Brian Hayes (broadcaster)
The son of a miner, he left school at age 15 and worked as a clerk for a mining company before obtaining a job as a newsreader for a radio station in Kalgoorlie, Western Australia. He subsequently worked for various stations in Perth and Western Australia, in both presenting and producing roles.
He moved to the UK and joined Capital Radio at its inception in 1973, first as a producer of talk programmes, and then presenting Capital Open Line, before making his name as presenter of the morning interview and phone-in show on LBC Radio from 1976 to 1990. Here he adopted an often aggressive style with callers – making it clear he did not suffer fools gladly. Though this sometimes caused irritation it was a valuable asset to the station. (He was once satirised in Private Eye as ‘Brian Bastard').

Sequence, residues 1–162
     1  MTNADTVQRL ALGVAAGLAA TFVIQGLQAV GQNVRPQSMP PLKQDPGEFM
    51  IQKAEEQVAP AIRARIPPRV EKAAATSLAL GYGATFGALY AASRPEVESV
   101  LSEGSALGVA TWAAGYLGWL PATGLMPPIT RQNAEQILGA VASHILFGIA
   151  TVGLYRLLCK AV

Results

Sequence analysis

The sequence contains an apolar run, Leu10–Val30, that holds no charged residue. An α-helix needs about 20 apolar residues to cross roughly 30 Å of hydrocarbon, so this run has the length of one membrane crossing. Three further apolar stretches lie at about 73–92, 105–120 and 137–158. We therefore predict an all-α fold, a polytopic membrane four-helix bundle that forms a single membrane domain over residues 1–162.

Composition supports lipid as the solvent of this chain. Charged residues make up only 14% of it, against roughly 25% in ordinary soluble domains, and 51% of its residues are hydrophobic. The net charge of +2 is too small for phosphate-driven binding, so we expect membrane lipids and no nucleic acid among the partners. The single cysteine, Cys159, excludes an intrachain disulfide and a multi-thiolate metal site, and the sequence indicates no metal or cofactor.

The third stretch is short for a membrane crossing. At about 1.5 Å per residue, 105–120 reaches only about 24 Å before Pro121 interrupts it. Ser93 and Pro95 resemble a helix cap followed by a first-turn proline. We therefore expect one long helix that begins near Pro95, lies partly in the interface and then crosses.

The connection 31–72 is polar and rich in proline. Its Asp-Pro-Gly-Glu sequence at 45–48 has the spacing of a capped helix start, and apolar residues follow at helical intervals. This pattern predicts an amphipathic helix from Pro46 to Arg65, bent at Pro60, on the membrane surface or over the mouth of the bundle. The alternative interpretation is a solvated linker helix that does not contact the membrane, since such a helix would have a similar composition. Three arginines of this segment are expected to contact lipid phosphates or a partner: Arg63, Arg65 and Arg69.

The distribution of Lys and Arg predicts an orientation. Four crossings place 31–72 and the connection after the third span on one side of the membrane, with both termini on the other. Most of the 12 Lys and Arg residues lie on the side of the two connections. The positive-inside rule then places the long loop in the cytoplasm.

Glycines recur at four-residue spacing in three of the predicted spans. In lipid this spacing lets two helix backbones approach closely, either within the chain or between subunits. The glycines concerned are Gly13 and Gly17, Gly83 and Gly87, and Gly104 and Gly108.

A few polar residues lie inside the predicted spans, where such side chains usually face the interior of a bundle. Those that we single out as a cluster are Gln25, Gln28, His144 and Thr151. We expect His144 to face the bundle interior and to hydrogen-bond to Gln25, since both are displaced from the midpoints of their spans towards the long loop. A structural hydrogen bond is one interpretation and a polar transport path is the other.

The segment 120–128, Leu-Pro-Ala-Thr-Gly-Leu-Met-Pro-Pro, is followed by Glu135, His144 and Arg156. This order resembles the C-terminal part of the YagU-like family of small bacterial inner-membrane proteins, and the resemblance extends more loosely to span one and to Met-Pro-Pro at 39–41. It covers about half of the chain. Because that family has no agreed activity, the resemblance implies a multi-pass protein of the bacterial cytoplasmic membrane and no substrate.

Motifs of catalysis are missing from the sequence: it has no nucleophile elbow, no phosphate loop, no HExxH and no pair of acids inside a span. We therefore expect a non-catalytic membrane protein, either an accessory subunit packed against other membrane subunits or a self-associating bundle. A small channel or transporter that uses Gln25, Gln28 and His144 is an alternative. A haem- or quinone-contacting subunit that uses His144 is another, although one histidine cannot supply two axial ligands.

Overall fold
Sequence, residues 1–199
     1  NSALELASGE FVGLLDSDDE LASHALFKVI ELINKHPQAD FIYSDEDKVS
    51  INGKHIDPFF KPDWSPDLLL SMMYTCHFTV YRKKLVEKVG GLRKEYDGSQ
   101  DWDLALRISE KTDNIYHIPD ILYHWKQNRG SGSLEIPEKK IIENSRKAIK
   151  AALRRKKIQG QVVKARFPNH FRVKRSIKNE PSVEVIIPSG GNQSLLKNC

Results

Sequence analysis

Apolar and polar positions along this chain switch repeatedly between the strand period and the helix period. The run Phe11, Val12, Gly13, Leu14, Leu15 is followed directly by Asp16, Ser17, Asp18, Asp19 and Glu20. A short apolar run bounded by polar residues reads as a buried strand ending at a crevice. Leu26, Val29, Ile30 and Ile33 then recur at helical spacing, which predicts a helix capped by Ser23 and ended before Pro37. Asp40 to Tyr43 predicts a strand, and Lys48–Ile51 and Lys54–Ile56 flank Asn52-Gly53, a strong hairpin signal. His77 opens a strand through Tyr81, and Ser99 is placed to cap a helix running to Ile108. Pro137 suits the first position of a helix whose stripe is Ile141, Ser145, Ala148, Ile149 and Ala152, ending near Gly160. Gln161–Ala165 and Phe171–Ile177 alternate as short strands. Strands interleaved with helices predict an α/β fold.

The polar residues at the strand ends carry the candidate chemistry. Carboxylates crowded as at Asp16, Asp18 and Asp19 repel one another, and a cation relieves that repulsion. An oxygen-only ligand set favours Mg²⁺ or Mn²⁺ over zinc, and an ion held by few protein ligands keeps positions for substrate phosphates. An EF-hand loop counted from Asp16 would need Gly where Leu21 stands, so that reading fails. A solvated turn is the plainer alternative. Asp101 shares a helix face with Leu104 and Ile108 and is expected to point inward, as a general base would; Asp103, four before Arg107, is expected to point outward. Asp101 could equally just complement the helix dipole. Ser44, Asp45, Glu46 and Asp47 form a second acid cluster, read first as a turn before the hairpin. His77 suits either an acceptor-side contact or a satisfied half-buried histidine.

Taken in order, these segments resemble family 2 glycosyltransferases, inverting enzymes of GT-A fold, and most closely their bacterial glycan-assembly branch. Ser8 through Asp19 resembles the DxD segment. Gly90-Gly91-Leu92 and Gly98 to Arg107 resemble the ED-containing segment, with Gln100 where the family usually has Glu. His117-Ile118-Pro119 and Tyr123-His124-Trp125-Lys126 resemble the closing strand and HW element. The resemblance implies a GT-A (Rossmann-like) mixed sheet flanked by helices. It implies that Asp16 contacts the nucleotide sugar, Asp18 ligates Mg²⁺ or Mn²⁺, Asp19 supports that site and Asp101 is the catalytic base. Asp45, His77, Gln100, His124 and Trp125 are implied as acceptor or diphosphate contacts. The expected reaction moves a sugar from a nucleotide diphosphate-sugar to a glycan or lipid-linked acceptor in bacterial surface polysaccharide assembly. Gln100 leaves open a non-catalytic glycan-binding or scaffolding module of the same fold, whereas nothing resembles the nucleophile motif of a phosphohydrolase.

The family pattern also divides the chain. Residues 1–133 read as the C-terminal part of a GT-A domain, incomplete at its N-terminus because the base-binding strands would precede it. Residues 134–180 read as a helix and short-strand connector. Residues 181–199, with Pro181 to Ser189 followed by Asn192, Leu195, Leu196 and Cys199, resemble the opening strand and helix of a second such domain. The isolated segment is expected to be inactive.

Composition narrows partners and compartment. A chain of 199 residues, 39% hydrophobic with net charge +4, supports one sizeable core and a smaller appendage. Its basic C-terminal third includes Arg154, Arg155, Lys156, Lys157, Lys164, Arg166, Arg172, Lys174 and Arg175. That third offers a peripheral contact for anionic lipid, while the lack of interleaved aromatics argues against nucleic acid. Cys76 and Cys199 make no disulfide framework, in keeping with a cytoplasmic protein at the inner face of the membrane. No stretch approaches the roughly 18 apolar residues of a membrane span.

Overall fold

Since 1990 Hayes has appeared on various stations, including presenting the BBC Radio 2 breakfast show throughout 1992, which was subtitled Good Morning UK throughout his tenure. He left the show at the end of the year due to unpopularity, and he was replaced by the show's former host Terry Wogan in January 1993.
Hayes presented the weekly phone-in Hayes over Britain on BBC Radio 2 in the 1990s, winning a Gold Sony Radio Award for 'Best Phone-In', a programme on Euthanasia, as well as sitting in for Jimmy Young and his successor Jeremy Vine until 2006. He worked on BBC Radio 5 Live until 2006, and BBC Radio 4, on various programmes including Not Today, Thank You. During the mid-2000s, he presented Friday nights on BBC Radio 5 Live and on Sunday nights he returned to LBC.
- Hayes, Brian (1 October 2003). "LBC: you could have been a contender". The Guardian. Guardian Media Group. Retrieved 3 October 2010.